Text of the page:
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  • I Do And I Love It

    I am a high school sophomore who goes to a small, rural high school of 308 students and 22 teachers. This year, I began writing all my assignments in cursive. I originally learned cursive back in second grade. As it is no longer required to be taught, our school district discontinued the teaching of cursive. Second graders are only taught how to sign there name in cursive now. I love cursive, and I think it still should be required as it is more authentic and official.

  • Yes I do :)

    I have like two different types of handwritings, one that's print and one that's cursive. I like my cursive one better. Cursive looks really pretty and in some cases, more professional than just print. But you can write any way you want. I don't think cursive is best, I just think it can be pretty useful.

  • Cursive is no longer relevant.

    Several decades ago, cursive writing was an indicator of one's level of education. In contemporary society, however, in which the majority of communication is typed rather than written, cursive writing has outlived its purpose. Handwriting is no longer viewed as an art form but as a utilitarian form of communication. This is evidence in the evolution of school awards. As recent as a couple of decades ago, students were awarded certificates for neat hand writng. No such award exists in contemporary schools. Print is the fastest and most efficient way to write, rendering cursive obsolete.

  • Cursive proved so illegible that I took to printing, then learned that I could link some letters -- not all -- without losing legibility.

    Cursive is *just one* form of script writing, and far from the best of them. Italic is far more legible, quicker to learn and easier to teach. Cursive has a nasty tendency to degenerate into that illegible scribble for which doctors are notorious, but not alone -- which has caused thousands of death from "medical error". Just ask any nurse or pharmacist. We'd do better to teach the kids Italic from the start.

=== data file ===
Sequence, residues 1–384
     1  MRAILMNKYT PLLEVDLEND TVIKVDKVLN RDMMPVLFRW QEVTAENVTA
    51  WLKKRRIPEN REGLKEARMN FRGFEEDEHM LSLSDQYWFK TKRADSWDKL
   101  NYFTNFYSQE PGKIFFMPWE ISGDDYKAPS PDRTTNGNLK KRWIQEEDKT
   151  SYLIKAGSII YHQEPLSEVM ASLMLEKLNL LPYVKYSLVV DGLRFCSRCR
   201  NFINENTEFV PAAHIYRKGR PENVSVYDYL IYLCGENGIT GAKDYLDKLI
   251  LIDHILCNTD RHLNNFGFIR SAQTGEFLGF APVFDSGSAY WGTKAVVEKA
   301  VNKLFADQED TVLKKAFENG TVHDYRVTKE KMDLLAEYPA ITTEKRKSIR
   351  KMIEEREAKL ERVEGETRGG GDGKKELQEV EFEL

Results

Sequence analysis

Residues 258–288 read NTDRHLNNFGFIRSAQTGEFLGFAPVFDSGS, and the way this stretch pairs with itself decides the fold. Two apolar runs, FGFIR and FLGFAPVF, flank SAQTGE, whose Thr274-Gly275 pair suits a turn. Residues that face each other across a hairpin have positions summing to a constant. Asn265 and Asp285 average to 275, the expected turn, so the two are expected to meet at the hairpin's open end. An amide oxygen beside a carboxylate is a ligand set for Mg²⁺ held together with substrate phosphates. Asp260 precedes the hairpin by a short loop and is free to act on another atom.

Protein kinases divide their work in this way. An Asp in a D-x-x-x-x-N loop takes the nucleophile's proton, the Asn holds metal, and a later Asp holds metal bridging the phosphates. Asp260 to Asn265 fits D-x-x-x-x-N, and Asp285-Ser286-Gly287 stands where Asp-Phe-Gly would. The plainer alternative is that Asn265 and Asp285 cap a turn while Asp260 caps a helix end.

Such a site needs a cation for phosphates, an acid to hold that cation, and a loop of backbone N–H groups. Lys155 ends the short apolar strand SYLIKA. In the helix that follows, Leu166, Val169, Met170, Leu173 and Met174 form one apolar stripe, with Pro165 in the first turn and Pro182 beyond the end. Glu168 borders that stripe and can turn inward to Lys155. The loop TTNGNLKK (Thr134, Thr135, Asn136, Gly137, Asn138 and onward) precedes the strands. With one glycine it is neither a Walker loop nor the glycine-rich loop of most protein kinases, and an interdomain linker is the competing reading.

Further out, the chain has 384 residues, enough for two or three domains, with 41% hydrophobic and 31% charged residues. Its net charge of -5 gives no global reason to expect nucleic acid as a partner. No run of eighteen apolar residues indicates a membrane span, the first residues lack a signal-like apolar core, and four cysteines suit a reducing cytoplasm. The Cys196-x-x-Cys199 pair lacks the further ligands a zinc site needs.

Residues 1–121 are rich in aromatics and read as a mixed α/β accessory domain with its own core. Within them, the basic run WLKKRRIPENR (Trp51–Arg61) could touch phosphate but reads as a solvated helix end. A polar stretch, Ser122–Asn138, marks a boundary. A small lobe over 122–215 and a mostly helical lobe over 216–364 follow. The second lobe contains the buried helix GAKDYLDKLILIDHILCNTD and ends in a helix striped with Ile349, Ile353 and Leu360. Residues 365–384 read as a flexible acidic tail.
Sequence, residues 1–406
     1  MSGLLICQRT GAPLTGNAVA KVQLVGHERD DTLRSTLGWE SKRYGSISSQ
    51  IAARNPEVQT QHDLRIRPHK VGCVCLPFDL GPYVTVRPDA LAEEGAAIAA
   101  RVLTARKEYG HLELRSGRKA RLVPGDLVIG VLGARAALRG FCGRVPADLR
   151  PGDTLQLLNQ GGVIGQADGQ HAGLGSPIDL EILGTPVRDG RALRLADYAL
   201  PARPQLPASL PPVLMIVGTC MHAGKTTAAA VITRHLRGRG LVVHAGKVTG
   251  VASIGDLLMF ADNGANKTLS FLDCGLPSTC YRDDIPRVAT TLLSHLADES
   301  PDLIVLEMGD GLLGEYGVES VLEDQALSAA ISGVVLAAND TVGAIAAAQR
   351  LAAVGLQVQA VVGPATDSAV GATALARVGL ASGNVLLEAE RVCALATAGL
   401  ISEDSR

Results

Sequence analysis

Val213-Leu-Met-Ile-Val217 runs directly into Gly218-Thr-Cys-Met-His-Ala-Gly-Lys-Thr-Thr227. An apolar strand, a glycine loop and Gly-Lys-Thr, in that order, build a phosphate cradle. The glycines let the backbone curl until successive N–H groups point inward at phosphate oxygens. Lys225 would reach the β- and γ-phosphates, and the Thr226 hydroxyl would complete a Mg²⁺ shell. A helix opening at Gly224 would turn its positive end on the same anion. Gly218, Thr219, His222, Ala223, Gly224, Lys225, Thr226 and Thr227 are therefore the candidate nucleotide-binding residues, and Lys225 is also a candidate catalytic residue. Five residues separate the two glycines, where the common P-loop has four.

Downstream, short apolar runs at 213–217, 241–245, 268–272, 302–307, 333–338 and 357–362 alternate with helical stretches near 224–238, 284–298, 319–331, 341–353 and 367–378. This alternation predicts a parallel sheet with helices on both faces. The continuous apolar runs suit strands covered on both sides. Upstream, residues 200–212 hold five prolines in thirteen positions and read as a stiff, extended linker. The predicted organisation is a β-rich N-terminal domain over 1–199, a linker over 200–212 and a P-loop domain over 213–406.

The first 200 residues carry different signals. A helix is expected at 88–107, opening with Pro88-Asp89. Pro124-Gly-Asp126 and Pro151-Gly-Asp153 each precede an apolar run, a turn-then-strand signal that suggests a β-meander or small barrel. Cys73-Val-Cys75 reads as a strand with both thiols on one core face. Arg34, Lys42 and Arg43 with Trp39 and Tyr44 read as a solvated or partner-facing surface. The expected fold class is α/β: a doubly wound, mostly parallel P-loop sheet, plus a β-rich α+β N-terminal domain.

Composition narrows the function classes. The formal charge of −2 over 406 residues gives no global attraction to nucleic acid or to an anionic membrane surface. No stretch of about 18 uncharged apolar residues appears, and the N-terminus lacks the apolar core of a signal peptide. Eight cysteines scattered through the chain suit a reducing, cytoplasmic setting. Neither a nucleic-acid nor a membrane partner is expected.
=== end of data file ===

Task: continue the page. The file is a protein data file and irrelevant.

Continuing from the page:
• I write in italic handwriting, the efficient common ancestor of today's conventional cursive and print-writing styles

    I write in italic handwriting, the efficient common ancestor of today's conventional cursive and print-writing styles. Italic — the standard handwriting of the Renaissance — resembles a semi-joined, streamlined print-writing. Its characteristics appear today in the handwriting of the fastest, clearest handwriters as they subconsciously abandon the conventional styles. To learn more about italic and the reasons for using and teaching it today, visit these sites: http://www.BFHhandwriting.com, http://www.handwritingsuccess.com, http://www.briem.net, http://www.HandwritingThatWorks.com, http://www.italic-handwriting.org, http://www.studioarts.net/calligraphy/italic/hwlesson.html

  • No way, Jose!

    Writing in cursive is just normal people writing with the two very important differences. One being that you put in all these loops and swirls and lines that aren't supposed to be there, and the other being that it takes longer. So no, I like to stick to writing the non-crazy way.

  • And I never have

    I find the whole Exersize of writing in cursive both pointless and slow. Except for in actual handwriting classes I never wrote cursive in school. I write in all capitals and have since I was about 10 years old. It makes my writing more legible and I find it less painful to write that way. If I write cursive my hand gets to sore I have to rest after each word.

  • no cursive for me

    I remember in school a long time ago they did make us write in crsive, so I do have the ability to write in cursive, I just truly hate it. I always try whern I'm trying to be fancy, and well I have to when I'm doing an official signature, but it sucks! My handwriting has always been a bit eccentric to say the least. It's just better for everyone involved that I write in print.


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